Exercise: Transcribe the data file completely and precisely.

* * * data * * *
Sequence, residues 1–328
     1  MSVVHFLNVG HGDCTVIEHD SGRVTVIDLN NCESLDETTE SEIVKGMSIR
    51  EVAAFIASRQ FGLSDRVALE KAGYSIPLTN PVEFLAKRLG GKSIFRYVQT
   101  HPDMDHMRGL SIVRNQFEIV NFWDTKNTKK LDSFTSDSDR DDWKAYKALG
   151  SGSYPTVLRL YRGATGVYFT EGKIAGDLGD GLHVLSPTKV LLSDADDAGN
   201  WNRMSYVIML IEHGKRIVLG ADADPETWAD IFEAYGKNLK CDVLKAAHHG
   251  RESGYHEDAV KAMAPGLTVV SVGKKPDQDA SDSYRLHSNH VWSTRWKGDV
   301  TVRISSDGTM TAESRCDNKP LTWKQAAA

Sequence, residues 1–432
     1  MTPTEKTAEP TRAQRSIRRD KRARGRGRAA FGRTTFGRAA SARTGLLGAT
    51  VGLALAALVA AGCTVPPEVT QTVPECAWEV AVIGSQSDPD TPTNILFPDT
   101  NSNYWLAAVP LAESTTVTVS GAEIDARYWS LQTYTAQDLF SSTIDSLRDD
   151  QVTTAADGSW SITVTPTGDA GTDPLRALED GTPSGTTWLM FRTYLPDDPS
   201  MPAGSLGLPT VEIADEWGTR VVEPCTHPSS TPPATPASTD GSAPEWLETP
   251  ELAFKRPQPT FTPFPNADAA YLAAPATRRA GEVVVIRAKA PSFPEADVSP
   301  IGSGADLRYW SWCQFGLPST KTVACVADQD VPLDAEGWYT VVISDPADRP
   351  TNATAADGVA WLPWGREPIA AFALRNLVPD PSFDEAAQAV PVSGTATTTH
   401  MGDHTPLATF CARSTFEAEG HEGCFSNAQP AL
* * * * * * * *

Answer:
Sequence, residues 1–328
     1  MSVVHFLNVG HGDCTVIEHD SGRVTVIDLN NCESLDETTE SEIVKGMSIR
    51  EVAAFIASRQ FGLSDRVALE KAGYSIPLTN PVEFLAKRLG GKSIFRYVQT
   101  HPDMDHMRGL SIVRNQFEIV NFWDTKNTKK LDSFTSDSDR DDWKAYKALG
   151  SGSYPTVLRL YRGATGVYFT EGKIAGDLGD GLHVLSPTKV LLSDADDAGN
   201  WNRMSYVIML IEHGKRIVLG ADADPETWAD IFEAYGKNLK CDVLKAAHHG
   251  RESGYHEDAV KAMAPGLTVV SVGKKPDQDA SDSYRLHSNH VWSTRWKGDV
   301  TVRISSDGTM TAESRCDNKP LTWKQAAA

Sequence, residues 1–432
     1  MTPTEKTAEP TRAQRSIRRD KRARGRGRAA FGRTTFGRAA SARTGLLGAT
    51  VGLALAALVA AGCTVPPEVT QTVPECAWEV AVIGSQSDPD TPTNILFPDT
   101  NSNYWLAAVP LAESTTVTVS GAEIDARYWS LQTYTAQDLF SSTIDSLRDD
   151  QVTTAADGSW SITVTPTGDA GTDPLRALED GTPSGTTWLM FRTYLPDDPS
   201  MPAGSLGLPT VEIADEWGTR VVEPCTHPSS TPPATPASTD GSAPEWLETP
   251  ELAFKRPQPT FTPFPNADAA YLAAPATRRA GEVVVIRAKA PSFPEADVSP
   301  IGSGADLRYW SWCQFGLPST KTVACVADQD VPLDAEGWYT VVISDPADRP
   351  TNATAADGVA WLPWGREPIA AFALRNLVPD PSFDEAAQAV PVSGTATTTH
   401  MGDHTPLATF CARSTFEAEG HEGCFSNAQP AL